Think plastic straws suck? Suck out of this one…
By Rekha Shanmugam.
According to math done by a nine-year-old in 2011, Americans use about 500 million plastic straws every day. Now, the straws may only account for a small portion of the total waste dumped into the oceans but campaigns to end its use have galvanized anti-plastic movements in huge ways worldwide.
But what if we made straws that do not have to be dumped post their use?
This is the idea that brought sustainability specialist Emma Cohen and cinematographer Miles Pepper together, resulting in a Kickstarter campaign that raised $200,000 in the first 48 hours. A reusable, foldable, sustainable metal straw called FinalStraw was born.
Environmental consciousness had always been a way of life for Cohen. Even as an undergrad at the University of California at Santa Barbara, she started a non-profit called ‘Save the Mermaids’ along with her friends, which aimed at educating children about the harmful effects of single-use plastics. In October 2017, Cohen met Pepper, a man who shared the same sentiments.
A while later, Pepper approached Cohen with an idea to do something that might help the planet in this regard - a reusable, collapsible straw, easy to use for people on the go. Meanwhile, all around the world, conversations about the lasting impacts of single-use plastics were gaining momentum, applying pressure on corporations and government bodies to take appropriate measures. The slender straw often served as the fulcrum of these talks, the face of the movements. The graphic image of scientists removing a straw embedded in a sea turtle’s nose, from a video that went viral in 2015, disturbed many.
In July 2018, coffee behemoth Starbucks set a target to phase out plastic straws from its tens of thousands of stores worldwide by 2020. In several parts of the world, travel and hospitality giants were looking into their enormous usage of single-use plastic straws, legislators were taking notice too. New York recently joined California in instituting a state-wide ban on single-use plastic bags, beginning March 2020.
“The timing of the launch was impeccable,” says Cohen. “There was a flood of large companies ditching plastic straws or taking a pledge to quit them forever. Municipal bans were just starting to gain momentum too.”
The time was ripe for change. Sensing a market for products that appealed to people’s conscience, Cohen and Pepper began work on FinalStraw. Pepper assisted with product development while Cohen focused on social media and marketing. “It is essentially a tent pole you can suck out of,” says Cohen about the straw. The duo 3-D printed the straw’s case and found a place in Los Angeles which helped them produce the straw.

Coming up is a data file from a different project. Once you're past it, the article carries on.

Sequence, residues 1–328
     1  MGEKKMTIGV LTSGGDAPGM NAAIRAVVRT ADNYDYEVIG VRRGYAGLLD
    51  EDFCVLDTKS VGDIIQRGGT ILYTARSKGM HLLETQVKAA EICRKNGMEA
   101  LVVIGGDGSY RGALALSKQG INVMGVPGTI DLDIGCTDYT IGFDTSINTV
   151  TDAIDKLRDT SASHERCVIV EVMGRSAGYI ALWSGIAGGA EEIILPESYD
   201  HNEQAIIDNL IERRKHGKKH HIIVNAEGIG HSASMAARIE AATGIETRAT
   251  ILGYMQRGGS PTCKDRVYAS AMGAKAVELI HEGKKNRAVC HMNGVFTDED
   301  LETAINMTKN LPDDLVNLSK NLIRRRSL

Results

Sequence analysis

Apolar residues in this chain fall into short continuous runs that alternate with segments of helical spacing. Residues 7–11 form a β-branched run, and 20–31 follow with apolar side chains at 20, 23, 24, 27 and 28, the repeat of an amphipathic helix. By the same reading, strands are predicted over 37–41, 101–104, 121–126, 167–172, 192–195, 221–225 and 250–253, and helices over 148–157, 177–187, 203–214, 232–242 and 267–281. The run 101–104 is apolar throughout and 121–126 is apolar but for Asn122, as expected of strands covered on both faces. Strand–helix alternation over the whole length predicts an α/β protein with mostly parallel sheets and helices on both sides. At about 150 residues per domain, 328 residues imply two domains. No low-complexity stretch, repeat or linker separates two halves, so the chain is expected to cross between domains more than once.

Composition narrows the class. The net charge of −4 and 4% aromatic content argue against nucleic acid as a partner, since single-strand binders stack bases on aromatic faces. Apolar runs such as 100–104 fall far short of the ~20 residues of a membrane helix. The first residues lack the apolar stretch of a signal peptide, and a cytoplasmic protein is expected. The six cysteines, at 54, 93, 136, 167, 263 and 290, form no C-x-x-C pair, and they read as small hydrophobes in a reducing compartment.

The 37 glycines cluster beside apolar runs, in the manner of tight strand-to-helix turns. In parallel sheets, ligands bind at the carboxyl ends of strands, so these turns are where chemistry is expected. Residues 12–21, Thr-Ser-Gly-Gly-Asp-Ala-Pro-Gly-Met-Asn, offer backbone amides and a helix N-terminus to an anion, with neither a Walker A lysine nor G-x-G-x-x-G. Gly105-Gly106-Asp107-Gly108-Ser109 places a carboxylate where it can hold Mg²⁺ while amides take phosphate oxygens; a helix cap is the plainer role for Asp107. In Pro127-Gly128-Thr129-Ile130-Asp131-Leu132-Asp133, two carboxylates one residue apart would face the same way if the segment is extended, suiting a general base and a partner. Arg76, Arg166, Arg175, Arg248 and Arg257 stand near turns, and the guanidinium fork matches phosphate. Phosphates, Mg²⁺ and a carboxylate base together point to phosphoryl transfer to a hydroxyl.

They launched the product in April 2018 on the global crowdfunding platform Kickstarter, not knowing what to expect. “No one thought it was going to do as well as it did,” says Cohen. “Most friends said, ‘cool straw Emma, don’t quit your day job.’”
But when the campaign hit $200,000 within the first 48 hours, they knew they were onto something. It was evident that the product had a market, that it was viable.
The novelty helped spike enthusiasm amongst consumers, and it raised nearly $2 million on Kickstarter. The duo sold 180,000 units during the Kickstarter and pre-sale period and have shipped about 70,000 units in the past three months. Cohen says they have also partnered with NGOs, the non-profit Plastic Pollution Coalition, Absolut Vodka, Bloomingdale’s and several other retailers.
However, novelty can be a double-edged sword when it comes to convincing people of the price. Cohen says FinalStraw’s price point was a challenge when they were trying to introduce the concept but she believes the quality and durability of the product validates it. “It is better to buy something once and use it forever instead of using something once and buying it forever,” she says.
Cheaper knock-offs did begin to flood the online market as soon as the pre-orders started rolling. After all, innovation which arouses interest can never escape the bane of imitation. A lot of retailers began selling similarly designed products at about half the price on Amazon, eBay, Alibaba etc. To deal with this issue, the company has filed a global intellectual property patent to protect the product as well as established a task force to enforce it, if need be. It has been a difficult road, says Cohen as “there is no internet police and each platform cooperates to a different degree.” She also believes these cheaper products are counterproductive to the original purpose of waste reduction. She expects bootlegging to be an issue as long as the company creates popular products which are relatively easy to reproduce.
A line of sustainable products dubbed Foreverables™ is also in the pipeline, says Cohen. Encouraged by the reception of FinalStraw, Cohen believes there exists a market for products that are designed to last forever as people who wish to reduce the impact of their activities on the environment are on the rise. “Stay tuned for our line of Foreverables™,” she says, “including FinalFork™ and a smoothie straw.”